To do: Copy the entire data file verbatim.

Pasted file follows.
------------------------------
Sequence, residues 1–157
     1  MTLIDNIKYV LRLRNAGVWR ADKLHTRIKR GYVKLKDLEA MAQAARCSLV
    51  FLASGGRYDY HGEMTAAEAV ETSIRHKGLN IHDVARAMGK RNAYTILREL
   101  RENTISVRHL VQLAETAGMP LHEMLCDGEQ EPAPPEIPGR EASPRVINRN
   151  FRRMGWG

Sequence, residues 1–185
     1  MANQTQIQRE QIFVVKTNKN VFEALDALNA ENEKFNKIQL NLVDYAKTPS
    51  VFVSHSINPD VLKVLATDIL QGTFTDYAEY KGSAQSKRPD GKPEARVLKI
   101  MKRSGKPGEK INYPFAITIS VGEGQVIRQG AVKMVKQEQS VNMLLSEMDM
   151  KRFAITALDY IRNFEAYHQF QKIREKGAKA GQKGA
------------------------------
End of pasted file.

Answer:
Sequence, residues 1–157
     1  MTLIDNIKYV LRLRNAGVWR ADKLHTRIKR GYVKLKDLEA MAQAARCSLV
    51  FLASGGRYDY HGEMTAAEAV ETSIRHKGLN IHDVARAMGK RNAYTILREL
   101  RENTISVRHL VQLAETAGMP LHEMLCDGEQ EPAPPEIPGR EASPRVINRN
   151  FRRMGWG

Sequence, residues 1–185
     1  MANQTQIQRE QIFVVKTNKN VFEALDALNA ENEKFNKIQL NLVDYAKTPS
    51  VFVSHSINPD VLKVLATDIL QGTFTDYAEY KGSAQSKRPD GKPEARVLKI
   101  MKRSGKPGEK INYPFAITIS VGEGQVIRQG AVKMVKQEQS VNMLLSEMDM
   151  KRFAITALDY IRNFEAYHQF QKIREKGAKA GQKGA